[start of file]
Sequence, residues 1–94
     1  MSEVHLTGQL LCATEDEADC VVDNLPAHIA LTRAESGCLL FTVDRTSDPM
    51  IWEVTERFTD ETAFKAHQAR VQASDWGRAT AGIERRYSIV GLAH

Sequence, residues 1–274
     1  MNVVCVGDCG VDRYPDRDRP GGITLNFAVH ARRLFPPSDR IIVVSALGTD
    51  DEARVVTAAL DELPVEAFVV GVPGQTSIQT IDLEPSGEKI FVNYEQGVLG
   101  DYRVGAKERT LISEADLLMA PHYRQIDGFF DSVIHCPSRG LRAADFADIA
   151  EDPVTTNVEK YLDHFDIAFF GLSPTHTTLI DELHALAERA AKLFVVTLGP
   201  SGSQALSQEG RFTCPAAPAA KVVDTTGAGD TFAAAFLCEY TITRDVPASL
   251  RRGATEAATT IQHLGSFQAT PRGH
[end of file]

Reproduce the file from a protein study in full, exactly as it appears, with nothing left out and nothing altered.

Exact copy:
Sequence, residues 1–94
     1  MSEVHLTGQL LCATEDEADC VVDNLPAHIA LTRAESGCLL FTVDRTSDPM
    51  IWEVTERFTD ETAFKAHQAR VQASDWGRAT AGIERRYSIV GLAH

Sequence, residues 1–274
     1  MNVVCVGDCG VDRYPDRDRP GGITLNFAVH ARRLFPPSDR IIVVSALGTD
    51  DEARVVTAAL DELPVEAFVV GVPGQTSIQT IDLEPSGEKI FVNYEQGVLG
   101  DYRVGAKERT LISEADLLMA PHYRQIDGFF DSVIHCPSRG LRAADFADIA
   151  EDPVTTNVEK YLDHFDIAFF GLSPTHTTLI DELHALAERA AKLFVVTLGP
   201  SGSQALSQEG RFTCPAAPAA KVVDTTGAGD TFAAAFLCEY TITRDVPASL
   251  RRGATEAATT IQHLGSFQAT PRGH